A labor warranty is another popular type of coverage for equipment like HVAC units. This just means that the manufacturer will pay for the cost of service it will take to repair the unit. Although this warranty usually has a shorter time limit, it can still be useful as the certified HVAC technicians needed to make most repairs can be expensive. Similarly, this is why it is important to understand what type of machine parts are covered, in case you need to buy the parts under the labor warranty that comes with your air conditioner/HVAC unit. 

What’s the Difference Between an Initial and an Extended Warranty? 

Even though your initial warranty comes at no extra cost when you buy an HVAC unit, some people feel inclined to also purchase an extended warranty. With quality, state-of-the-art equipment and machines from a reputable company, buying an extension on your warranty isn’t always necessary. These deals are either handled through the manufacturer or through a third-party selling the units. 

Getting an extended warranty truly depends on the level of reliability you have with your HVAC units or the experiences you’d had with past products. If you feel as though having an extended warranty will give you a peace of mind and one less thing to stress about, then it’s worth purchasing. An extended warranty will grant you more time to cover the costs of equipment or labor past the date of the original warranty or installation.

What Are Warranty Exclusions? 

Although warranties will cover most parts or labor costs that come with the HVAC unit, there are certain special parts and circumstances that are not included. In many cases, regular maintenance must be maintained in order for the warranty to stay in effect and not become void. However, the things that are not covered tend to be bigger, more long-term or unpredictable occurrences that happen to the machine. Here are a couple of exclusions you may find listed in your HVAC unit warranty.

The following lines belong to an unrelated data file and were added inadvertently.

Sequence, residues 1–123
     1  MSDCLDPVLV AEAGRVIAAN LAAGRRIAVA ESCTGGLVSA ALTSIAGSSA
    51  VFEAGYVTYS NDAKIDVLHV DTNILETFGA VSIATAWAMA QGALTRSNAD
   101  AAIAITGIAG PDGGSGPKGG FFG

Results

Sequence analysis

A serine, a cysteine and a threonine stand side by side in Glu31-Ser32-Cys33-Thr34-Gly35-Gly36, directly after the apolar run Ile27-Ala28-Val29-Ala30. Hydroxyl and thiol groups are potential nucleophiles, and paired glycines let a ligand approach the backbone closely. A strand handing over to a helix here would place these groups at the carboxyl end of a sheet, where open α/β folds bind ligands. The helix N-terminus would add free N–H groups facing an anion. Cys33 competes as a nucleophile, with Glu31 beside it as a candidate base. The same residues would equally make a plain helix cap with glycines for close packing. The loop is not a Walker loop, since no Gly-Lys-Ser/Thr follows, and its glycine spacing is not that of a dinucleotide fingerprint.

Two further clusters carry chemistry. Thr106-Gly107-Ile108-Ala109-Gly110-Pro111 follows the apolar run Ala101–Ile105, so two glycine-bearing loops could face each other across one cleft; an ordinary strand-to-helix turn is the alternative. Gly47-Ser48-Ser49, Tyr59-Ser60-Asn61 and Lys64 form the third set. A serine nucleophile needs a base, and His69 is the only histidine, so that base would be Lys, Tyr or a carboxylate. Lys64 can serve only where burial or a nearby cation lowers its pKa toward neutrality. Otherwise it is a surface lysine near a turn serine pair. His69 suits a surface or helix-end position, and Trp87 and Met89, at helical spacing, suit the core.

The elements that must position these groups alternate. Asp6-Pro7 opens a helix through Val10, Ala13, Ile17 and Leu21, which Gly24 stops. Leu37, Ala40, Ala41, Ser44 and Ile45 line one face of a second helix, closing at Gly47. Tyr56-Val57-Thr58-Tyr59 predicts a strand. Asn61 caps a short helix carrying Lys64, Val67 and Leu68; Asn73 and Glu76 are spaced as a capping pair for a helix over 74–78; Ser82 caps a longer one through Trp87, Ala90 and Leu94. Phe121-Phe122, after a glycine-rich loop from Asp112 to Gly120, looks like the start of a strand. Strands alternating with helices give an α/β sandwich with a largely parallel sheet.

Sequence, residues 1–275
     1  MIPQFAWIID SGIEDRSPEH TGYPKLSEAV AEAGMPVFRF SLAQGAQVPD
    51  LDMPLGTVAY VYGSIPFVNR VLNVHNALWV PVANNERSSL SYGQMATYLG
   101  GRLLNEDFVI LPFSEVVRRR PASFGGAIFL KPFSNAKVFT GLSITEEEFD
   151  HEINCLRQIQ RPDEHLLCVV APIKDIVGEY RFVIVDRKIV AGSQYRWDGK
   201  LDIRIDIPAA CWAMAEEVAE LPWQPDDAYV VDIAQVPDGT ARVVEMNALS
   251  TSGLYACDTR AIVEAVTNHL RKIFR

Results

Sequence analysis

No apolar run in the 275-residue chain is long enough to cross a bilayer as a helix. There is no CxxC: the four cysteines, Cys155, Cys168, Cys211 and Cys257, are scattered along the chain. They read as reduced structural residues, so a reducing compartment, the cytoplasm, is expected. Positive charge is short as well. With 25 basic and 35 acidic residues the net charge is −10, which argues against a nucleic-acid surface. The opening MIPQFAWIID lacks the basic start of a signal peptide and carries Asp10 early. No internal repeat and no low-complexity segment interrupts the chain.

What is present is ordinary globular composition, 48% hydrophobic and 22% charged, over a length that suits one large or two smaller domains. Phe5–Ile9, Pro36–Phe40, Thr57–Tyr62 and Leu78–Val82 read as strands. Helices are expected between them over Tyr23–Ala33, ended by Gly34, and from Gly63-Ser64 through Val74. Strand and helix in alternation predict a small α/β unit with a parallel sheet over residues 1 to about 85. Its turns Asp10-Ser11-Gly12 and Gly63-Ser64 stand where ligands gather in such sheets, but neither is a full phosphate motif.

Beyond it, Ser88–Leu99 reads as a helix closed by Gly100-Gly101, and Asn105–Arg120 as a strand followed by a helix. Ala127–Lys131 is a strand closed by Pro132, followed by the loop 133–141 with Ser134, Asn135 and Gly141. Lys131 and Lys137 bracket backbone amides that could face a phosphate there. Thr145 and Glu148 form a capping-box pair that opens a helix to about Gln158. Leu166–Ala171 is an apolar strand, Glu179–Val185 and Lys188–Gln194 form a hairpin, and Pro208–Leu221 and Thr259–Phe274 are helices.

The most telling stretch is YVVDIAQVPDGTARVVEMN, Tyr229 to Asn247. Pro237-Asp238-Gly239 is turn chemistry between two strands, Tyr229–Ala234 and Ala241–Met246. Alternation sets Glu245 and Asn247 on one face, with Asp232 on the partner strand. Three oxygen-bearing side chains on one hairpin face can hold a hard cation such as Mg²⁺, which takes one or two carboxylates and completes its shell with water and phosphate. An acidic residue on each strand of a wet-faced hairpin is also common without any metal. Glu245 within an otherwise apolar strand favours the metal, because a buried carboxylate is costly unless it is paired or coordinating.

• Compressors: These parts are the most expensive parts of HVAC units — they require proper installation and electrical power fluctuations. Warranties can vary when it comes to this particular component because it is so sensitive to the inner working of the system. You may want to ask your salesperson or HVAC technician to clarify whether your compressor is covered.
  • Heat Exchangers: Problems with heat exchangers can be as simple as a clogged air filter or as severe as a rusted or cracked exchanger. They undergo serious wear and tear as they constantly expand when heating up and contract when cooling down. As with many HVAC unit components, it is common for a warranty to cover heat exchanger parts but not the labor needed to replace them, and this is another aspect of your warranty you will want to know in detail.